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Tele-Psychiatrist in VA, NC, & DC
ADHD Specialist for Children, Teenagers, & Adults 
Treats Almost All Psychiatric Issues, All Ages

MD-Only Treatment.

60 min initial eval & treatment =  $275.
30 min follow-up = $135.
Minimal-wait times if urgent. Out of network reimbursement forms offered. Just text us: 757-219-2753. We pride ourselves in being responsive.

Blog, Videos, Mental Health News

Sep 27, 2023, 8:35 AM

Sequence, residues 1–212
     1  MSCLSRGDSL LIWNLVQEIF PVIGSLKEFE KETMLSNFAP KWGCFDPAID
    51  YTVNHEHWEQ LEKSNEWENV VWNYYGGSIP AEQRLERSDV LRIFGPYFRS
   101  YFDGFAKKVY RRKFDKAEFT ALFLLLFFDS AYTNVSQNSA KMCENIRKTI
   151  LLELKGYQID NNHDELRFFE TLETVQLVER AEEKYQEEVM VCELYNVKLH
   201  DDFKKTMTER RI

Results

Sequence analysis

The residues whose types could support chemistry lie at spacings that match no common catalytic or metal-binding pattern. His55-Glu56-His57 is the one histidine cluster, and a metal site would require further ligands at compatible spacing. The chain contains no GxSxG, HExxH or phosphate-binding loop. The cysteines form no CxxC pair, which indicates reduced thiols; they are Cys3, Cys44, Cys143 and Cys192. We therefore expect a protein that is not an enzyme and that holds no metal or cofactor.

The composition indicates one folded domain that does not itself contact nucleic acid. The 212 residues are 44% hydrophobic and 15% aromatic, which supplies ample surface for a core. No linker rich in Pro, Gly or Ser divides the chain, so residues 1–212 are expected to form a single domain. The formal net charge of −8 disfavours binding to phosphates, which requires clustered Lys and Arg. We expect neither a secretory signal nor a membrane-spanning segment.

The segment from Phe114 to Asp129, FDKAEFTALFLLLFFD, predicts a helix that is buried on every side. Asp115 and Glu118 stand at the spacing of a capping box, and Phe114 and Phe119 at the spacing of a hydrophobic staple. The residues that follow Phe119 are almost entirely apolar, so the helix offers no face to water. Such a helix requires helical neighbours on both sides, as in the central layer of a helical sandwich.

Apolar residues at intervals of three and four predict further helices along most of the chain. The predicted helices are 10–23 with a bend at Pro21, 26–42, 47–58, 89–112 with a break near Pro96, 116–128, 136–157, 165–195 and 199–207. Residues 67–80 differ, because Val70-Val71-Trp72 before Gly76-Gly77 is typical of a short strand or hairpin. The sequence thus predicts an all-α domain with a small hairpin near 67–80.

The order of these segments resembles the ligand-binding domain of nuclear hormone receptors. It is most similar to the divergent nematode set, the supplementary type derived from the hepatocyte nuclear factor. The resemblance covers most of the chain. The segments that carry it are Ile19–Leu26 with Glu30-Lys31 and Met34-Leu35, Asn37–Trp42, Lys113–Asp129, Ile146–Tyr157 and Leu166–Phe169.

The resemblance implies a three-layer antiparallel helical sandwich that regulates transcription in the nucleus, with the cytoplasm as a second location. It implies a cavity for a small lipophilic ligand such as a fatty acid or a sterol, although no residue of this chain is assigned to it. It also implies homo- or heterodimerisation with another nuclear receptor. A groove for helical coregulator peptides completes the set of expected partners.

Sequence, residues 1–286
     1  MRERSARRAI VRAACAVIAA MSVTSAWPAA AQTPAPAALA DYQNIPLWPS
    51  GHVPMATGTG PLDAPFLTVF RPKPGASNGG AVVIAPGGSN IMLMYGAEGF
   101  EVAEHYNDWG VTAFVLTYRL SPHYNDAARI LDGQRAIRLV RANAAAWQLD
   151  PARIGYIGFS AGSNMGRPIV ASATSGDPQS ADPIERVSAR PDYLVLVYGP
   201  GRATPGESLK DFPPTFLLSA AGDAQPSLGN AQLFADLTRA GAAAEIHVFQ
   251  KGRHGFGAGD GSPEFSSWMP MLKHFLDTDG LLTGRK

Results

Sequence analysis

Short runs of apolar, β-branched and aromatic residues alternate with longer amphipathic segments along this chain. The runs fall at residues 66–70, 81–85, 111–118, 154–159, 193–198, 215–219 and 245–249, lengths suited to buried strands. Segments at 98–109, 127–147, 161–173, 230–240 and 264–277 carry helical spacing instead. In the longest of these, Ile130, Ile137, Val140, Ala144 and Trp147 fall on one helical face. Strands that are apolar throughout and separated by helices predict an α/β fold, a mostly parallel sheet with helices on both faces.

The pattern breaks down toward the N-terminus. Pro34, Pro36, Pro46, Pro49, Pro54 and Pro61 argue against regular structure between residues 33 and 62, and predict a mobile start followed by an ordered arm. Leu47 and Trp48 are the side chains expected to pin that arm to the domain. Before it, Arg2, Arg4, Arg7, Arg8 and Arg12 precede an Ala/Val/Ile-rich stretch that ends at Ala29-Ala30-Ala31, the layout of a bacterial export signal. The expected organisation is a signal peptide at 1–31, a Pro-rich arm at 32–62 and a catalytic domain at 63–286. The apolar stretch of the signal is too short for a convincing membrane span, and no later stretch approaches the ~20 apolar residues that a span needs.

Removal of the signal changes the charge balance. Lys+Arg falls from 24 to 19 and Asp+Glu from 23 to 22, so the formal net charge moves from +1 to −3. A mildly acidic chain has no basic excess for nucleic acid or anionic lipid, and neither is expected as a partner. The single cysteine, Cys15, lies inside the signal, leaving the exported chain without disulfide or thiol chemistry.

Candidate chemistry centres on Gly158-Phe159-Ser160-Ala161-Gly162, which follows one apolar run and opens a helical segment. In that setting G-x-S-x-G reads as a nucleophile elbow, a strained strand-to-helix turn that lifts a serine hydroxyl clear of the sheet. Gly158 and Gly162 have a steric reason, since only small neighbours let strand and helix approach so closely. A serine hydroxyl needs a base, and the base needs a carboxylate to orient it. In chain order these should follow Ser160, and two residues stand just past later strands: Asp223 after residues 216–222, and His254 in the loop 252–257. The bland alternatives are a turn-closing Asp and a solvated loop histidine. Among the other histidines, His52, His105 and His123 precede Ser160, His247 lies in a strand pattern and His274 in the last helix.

Are Screens Negatively Impacting Kids' Brains and Fueling the ADHD Epidemic? Experts Weigh In The overreliance on screens for mental health diagnoses in children is a growing concern among experts. With the increasing prevalence of depression and anxiety in children and adolescents, many healthcare providers use digital tools and apps to screen for these conditions. However, the accuracy and reliability of these screens have been called into question, with concerns being raised about the potential negative impact on children's brains. Overreliance on screens for mental health diagnoses can lead to misdiagnosis, overdiagnosis, and inappropriate treatment, negatively impacting children's psychological and physical health in the long term. The effects of screen time on brain development in children are well documented. Studies have shown that excessive screen time can lead to changes in brain structure and function, particularly in areas related to attention, language, and social cognition. Prolonged screen exposure can also lead to decreased gray matter volume, associated with lower IQ scores and poorer academic performance. These changes in brain development can have significant implications for children's mental and physical health, including an increased risk of developing ADHD, depression, and anxiety. There is a strong correlation between screen time and mental health issues in children and adolescents. Studies have shown that excessive screen time increases the risk of depression, anxiety, and other mental health problems. The American Academy of Pediatrics recommends that children aged 2 to 5 years have one hour of screen time per day, while older children and adolescents should have no more than two hours per day. However, many children are exceeding these limits, with some spending up to seven hours per day on screens. This excessive screen time can contribute to the growing epidemic of ADHD, depression, and anxiety in children and adolescents. Limiting children's screen time and encouraging other activities, such as outdoor play, reading, and social interaction, is essential to promote healthy brain development and mental health.